Building/Tools

  • Structures (log, traditional cabins and barns - how-to and history)

  • Blacksmithing (how-to and history)

  • Making tools (flint-knapping, farm tools, kitchen/household tools)

 

Cottage Crafts

  • Baskets

  • Quilts

  • Tanning hides

  • Wood carving

  • Gourds (functional and decorative)

 

Medicine & Nature

  • Ethnobotany/natural history (plant identification and use by humans)

  • Health and natural/traditional medicine, home remedies

  • Midwifery (mother and baby care)

Milestone 1: Topic Proposal completed with mentor plan

 

Phase 2: Research & planning

In this phase, students will create an action plan with their team.  Students will choose teams based on common interests and then revise their research proposals to match the mission of their new teammates.  Once their groups are set, students will:

 

  • Create an Action Plan

  • Conduct their 1st interview

  • Establish mentors for apprenticeships / interviews

  • Conduct Initial historical research

 

Students will use the Interview and Action Plan document to guide their efforts during this phase. It will be reviewed and approved at Milestone 2.

Milestone 2: Action plan developed with 1st interview

Here is a documentary video by the Humans of Appalachia student group featuring interviews with their mentors

Phase 3: First Drafts & Exhibition Preparation

 

The students will execute their action plans during this phase and will compile their research by creating the first draft of their E-book chapters.  They will interview people and document interesting historical, environmental, and cultural connections related to their topic.  This will provide ample time before the end of the project to edit their chapters.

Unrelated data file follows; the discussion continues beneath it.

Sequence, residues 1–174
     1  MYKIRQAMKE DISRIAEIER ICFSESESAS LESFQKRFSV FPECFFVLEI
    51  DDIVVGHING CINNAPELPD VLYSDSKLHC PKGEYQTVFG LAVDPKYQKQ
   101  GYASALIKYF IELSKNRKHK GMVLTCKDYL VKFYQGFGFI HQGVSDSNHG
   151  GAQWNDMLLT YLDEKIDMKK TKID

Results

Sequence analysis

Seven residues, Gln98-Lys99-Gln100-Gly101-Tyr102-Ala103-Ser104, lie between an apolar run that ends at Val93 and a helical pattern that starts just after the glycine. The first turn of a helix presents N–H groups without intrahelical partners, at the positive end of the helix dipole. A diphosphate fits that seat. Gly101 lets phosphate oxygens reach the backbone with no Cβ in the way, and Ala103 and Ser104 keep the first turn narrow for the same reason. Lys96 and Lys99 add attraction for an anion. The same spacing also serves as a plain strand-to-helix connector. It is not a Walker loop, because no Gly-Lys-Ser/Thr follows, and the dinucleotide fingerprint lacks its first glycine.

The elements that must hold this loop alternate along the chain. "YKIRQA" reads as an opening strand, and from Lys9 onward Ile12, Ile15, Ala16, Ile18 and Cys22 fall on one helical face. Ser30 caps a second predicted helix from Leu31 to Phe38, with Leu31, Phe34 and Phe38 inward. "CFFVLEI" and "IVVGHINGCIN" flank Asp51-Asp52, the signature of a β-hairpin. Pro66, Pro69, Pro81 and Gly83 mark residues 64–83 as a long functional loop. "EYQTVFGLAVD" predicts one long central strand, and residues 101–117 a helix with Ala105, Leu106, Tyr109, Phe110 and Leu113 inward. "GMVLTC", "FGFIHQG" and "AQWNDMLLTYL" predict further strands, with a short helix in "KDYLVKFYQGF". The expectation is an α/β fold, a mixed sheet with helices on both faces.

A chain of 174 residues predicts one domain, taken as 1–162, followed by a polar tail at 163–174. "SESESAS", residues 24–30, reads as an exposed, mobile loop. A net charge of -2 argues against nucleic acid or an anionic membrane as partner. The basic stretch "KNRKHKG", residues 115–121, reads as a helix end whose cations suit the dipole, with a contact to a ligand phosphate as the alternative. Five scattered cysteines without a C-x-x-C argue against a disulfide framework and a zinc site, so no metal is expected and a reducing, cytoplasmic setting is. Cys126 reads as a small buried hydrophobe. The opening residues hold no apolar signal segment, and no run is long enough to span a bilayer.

Students will also prepare for their exhibition during this phase. They will make and collect artifacts and come up with a design and layout for their exhibits. The end of this phase will culminate with a Dress Rehearsal and peer review of the e-books. See the Final Product criteria section below for guidance on what is expected.

Milestone 3: Dress Rehearsal & First Drafts

Phase 4: Polishing 

After submitting first drafts, students will have a cohesive story together. They will also finish their E-book chapters after soliciting feedback from peers, mentors, and teachers.  Additionally, during this phase they will refine their exhibits based on feedback from the Dress Rehearsal, gather more materials, and plan out their strategy for engaging visitors.  The phase will end with the Heritage Hoedown at the John C. Campbell Folk School in Brasstown, NC.

Final Product: Heritage Hoedown

 

The final product/presentation will be reminiscent of the Heritage Fair that you witnessed during the first week of the project. Your final presentation will include the following:

  • A performance such as:

    • A living exhibit where you teach others your craft.

    • A song or dance explaining the local heritage behind it.

    • Be a storyteller, tell the audience the story of your family from this area or research an individual from the area and “become” that character.

  • Documentary Evidence:

    • Project Proposal

    • Annotated bibliography

    • Oral history interviews

    • Field Research (observations, experiences, internships, etc)

    • Photographs, graphics, and video

  • E-book Chapter:

    • Taking an example from one of the chapters of the Foxfire books, create a chapter regarding your topic to be included in a final e-book.

    • At least 500 words per team member.

    • Must include some visuals such as photographs, diagrams, links to video.

    • Be sure to use proper formatting (MLA) and cite ALL SOURCES.

Phone:(828) 835-4318

4650 E US 64 Alt.

Murphy, NC 28906